No Anonymity or End-To-End in Rome.
I'm at the ICANN meetings in Rome, and it seems like this is a bad place for anonymity, and, for that matter, the end-to-end Internet. Not only do you have to present a photo ID when purchasing a pre-paid GSM card (+39-3394227447) -- access to the wireless network at the meeting is also designed to prevent anonymous access to communications from happening. Standard at ICANN meetings (delivered by organizers even in China and Tunisia) is open Wi-Fi, with routed IP addresses and fully transparent access. In Italy, we're told, that can't be provided because of some obscure law, so we get individual user IDs and passwords for logging into a 10.* network that's hidden behind a NAT box and a couple of more or less transparent proxies that get into peoples' way when, for instance, securely connecting to a home mail server, and inject silly service provider logos while surfing the web.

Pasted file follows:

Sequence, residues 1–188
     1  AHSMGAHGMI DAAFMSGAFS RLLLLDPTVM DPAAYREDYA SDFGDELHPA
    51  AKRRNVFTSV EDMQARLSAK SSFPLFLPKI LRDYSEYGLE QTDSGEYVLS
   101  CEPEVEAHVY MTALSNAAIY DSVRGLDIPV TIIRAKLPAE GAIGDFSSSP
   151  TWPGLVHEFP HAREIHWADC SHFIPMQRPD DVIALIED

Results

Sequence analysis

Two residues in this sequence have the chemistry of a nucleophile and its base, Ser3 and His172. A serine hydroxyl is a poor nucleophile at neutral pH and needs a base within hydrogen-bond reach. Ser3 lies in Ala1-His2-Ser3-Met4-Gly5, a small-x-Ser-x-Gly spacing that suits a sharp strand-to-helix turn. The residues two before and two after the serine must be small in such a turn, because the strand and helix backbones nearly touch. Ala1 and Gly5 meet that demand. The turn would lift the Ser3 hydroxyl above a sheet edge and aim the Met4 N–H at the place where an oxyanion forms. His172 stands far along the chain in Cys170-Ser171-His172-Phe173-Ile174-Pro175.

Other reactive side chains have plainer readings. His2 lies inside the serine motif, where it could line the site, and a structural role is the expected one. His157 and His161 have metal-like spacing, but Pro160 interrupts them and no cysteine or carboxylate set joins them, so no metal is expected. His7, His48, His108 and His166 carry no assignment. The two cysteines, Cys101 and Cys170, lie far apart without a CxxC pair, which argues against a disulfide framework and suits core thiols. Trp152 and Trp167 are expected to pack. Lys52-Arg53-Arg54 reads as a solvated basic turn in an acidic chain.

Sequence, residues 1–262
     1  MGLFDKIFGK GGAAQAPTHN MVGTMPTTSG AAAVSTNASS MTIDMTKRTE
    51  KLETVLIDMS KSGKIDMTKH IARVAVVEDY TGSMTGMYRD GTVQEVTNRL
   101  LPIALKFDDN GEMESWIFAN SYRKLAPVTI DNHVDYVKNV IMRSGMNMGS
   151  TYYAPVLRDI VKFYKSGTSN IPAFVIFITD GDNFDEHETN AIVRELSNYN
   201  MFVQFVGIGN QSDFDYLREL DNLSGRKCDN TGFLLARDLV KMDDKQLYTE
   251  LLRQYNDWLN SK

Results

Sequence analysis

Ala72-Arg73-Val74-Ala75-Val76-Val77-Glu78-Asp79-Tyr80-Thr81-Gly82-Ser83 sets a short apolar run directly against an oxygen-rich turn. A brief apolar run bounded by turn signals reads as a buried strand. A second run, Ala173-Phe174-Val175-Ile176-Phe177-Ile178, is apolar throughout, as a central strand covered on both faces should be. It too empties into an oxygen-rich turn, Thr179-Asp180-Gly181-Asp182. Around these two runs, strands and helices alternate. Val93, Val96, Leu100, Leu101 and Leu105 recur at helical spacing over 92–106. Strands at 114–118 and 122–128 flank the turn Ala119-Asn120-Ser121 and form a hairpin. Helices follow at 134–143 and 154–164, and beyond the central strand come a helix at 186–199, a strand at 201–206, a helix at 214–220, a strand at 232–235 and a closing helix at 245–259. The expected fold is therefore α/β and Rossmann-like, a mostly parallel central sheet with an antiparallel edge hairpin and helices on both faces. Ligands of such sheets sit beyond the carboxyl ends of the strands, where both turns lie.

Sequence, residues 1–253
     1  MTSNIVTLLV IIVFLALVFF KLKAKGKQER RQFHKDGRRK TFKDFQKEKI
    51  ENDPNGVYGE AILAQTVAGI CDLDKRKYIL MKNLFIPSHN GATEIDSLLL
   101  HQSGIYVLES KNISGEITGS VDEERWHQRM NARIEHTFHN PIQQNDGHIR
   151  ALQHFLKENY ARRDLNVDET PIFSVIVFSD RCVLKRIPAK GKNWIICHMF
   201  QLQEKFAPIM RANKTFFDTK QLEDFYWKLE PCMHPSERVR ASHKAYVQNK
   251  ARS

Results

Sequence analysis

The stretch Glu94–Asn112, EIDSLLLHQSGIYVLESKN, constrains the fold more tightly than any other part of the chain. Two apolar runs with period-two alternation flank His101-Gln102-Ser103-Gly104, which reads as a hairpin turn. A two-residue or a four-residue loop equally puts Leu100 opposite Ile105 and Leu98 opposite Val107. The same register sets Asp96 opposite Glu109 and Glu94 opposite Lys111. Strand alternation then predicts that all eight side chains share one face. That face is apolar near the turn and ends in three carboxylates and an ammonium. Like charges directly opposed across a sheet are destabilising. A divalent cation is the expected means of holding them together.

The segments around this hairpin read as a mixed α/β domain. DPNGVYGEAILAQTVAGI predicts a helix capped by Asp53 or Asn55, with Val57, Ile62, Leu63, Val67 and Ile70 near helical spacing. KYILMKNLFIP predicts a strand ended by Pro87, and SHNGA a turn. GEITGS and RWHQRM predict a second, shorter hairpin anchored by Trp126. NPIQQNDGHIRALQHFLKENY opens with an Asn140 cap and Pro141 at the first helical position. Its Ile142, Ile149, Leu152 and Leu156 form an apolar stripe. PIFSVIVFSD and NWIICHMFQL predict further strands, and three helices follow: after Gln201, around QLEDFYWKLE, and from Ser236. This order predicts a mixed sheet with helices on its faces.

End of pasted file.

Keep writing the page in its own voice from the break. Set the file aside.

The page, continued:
Security scanning devices photo taken in Vatican yesterday, where airport-like screening is applied to visitors to St. Peter's cathedral; more tourist photos here.
Update, Monday morning: Network connectivity looks much more transparent now.